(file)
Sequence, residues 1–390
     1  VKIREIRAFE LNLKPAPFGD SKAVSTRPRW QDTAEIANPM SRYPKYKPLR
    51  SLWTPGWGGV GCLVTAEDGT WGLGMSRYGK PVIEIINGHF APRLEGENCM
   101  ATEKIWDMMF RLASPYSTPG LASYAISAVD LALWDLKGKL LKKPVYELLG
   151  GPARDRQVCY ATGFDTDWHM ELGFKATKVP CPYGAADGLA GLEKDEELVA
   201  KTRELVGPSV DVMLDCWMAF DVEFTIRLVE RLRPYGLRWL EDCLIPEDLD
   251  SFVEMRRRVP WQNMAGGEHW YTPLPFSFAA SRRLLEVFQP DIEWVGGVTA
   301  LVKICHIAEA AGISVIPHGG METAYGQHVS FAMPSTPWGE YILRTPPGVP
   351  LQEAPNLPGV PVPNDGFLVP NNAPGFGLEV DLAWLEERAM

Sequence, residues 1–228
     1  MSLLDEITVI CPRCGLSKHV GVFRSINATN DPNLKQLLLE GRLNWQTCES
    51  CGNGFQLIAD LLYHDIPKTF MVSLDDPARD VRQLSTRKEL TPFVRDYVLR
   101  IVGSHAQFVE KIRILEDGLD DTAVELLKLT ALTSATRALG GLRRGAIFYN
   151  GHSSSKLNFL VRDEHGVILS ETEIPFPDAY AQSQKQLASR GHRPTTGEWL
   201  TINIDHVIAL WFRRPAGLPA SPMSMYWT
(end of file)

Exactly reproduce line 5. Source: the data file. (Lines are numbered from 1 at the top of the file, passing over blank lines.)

   151  GPARDRQVCY ATGFDTDWHM ELGFKATKVP CPYGAADGLA GLEKDEELVA